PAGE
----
Three district campuses share best practices in teaching with Assessment for Learning


Several Dallas ISD schools are becoming known for their success with a method that allows teachers and students to recognize and respond to student learning during learning – in other words, monitoring student learning to provide ongoing feedback. In Dallas ISD, 17 campuses – 10 elementary and seven secondary schools – use this method, known as Assessment for Learning. And recently, Moises Molina High School hosted a site visit by Region 12 principals who were interested in seeing the method in action.

“Molina is fully invested in Assessment for Learning and we are excited to keep providing professional learning opportunities to our teachers (on and off campus), peer observations for teachers, and continuing to grow the work,” said Emily Brokaw, academic coordinator at Molina, adding that Molina has been involved with the program for six years since it was originally piloted in the district, and that Principal Jacob Nunez has been a strong proponent.

Two other schools recognized for the work – C.A. Tatum Elementary and Lenore Kirk Hall Personalized Learning Academy – were tapped to share best practices used by their teachers due to their success with Assessment for Learning (AFL) and Visible Learning (VL).

Tatum, which like Molina is one of the four founding district schools for the AFL program, recently became the first urban school in Texas to be named a Visible Learning Plus-certified school. Visible Learning Plus is a professional development program for teachers that provides an in-depth “review and change” model for schools.

During the Region 12 visit:

  • A panel of teachers spoke about the impactful professional learning experiences that have contributed to their success with Assessment for Learning and how the program helps them focus on the quality of student learning rather than the quantity of classwork.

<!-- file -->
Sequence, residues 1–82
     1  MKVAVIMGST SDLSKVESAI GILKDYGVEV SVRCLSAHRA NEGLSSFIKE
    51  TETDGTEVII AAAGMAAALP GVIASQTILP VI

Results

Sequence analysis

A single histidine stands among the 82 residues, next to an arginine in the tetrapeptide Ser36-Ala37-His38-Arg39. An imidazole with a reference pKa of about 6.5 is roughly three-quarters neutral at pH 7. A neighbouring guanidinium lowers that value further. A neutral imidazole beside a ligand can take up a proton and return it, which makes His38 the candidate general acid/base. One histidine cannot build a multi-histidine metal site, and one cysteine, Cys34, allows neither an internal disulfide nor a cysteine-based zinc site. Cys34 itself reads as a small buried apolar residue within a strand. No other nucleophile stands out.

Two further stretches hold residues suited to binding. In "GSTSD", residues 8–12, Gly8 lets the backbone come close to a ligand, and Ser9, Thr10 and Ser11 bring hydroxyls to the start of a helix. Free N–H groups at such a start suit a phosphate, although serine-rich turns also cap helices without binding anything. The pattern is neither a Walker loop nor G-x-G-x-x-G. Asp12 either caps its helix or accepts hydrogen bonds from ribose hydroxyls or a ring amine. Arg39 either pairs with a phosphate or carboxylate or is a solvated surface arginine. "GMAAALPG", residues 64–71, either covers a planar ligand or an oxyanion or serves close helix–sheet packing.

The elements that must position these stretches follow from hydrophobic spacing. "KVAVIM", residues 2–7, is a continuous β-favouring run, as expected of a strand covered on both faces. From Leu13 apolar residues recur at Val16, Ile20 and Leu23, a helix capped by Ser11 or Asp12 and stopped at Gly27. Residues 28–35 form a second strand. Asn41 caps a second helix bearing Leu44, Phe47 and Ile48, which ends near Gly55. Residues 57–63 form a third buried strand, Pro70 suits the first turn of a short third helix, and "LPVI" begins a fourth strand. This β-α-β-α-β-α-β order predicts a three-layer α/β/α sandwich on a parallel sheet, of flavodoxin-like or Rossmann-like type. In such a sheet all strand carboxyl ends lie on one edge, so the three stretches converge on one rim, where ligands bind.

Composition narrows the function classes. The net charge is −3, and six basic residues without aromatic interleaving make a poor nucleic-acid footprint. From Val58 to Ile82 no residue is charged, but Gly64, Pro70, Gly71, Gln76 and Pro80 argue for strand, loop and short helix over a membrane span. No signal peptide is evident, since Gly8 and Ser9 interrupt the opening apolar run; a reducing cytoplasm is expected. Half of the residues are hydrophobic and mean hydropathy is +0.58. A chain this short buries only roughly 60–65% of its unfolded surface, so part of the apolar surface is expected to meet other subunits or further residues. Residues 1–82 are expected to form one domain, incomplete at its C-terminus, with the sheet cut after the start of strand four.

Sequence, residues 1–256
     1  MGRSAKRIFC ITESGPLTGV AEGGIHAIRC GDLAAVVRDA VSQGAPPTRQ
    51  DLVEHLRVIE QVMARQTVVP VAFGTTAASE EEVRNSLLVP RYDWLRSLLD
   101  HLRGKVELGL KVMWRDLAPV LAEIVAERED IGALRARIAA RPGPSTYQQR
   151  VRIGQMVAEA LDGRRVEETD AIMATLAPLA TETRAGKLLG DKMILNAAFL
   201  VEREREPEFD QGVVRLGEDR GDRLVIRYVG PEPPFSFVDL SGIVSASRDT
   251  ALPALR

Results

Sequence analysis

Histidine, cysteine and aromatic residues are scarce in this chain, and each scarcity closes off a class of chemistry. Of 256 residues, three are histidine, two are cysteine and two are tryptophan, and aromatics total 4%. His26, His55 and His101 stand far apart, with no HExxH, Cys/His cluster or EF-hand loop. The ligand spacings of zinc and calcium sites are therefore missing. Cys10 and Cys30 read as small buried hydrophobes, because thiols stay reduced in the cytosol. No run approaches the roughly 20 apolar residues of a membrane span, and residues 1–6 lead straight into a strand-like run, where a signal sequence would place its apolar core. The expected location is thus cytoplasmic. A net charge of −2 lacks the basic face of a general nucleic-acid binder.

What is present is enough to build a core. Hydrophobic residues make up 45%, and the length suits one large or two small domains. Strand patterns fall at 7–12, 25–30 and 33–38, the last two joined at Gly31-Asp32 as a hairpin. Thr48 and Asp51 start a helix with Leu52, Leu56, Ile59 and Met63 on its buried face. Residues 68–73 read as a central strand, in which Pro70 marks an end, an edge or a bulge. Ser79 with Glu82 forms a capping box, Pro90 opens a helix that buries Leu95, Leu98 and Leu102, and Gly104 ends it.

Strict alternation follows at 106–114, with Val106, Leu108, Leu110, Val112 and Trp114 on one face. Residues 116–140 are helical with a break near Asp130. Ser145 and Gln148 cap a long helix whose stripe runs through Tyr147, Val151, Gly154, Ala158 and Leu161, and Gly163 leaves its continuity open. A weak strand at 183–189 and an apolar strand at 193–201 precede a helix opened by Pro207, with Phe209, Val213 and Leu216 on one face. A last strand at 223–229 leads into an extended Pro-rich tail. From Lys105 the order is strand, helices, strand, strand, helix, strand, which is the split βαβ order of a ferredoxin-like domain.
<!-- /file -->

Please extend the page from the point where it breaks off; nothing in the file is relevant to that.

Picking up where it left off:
• Brokaw, the academic coordinator, shared a Problem of Practice that Molina has been grappling with: “How might we accelerate our new teachers’ professional learning?” and described the school’s new teacher professional learning plan, called Jaguar Essential Knowledge & Skills Academy.
  • A panel of students shared the importance of advocating for themselves as learners and the impact of having teachers who take an active interest in their students.
  • In classroom observations, teachers showed how they use learning goals and success criteria to help students achieve clarity in their learning.

Adam Flores, Teaching and Learning department project manager, said: “The success of Assessment for Learning is grounded in its definition, which is the planned, ongoing process used by all students and the teacher during learning to elicit and use evidence of learning to improve student understanding in any subject – all in the name of supporting students’ ability to become self-directed learners. When we see that happening consistently in a classroom, we know the students will find success.”

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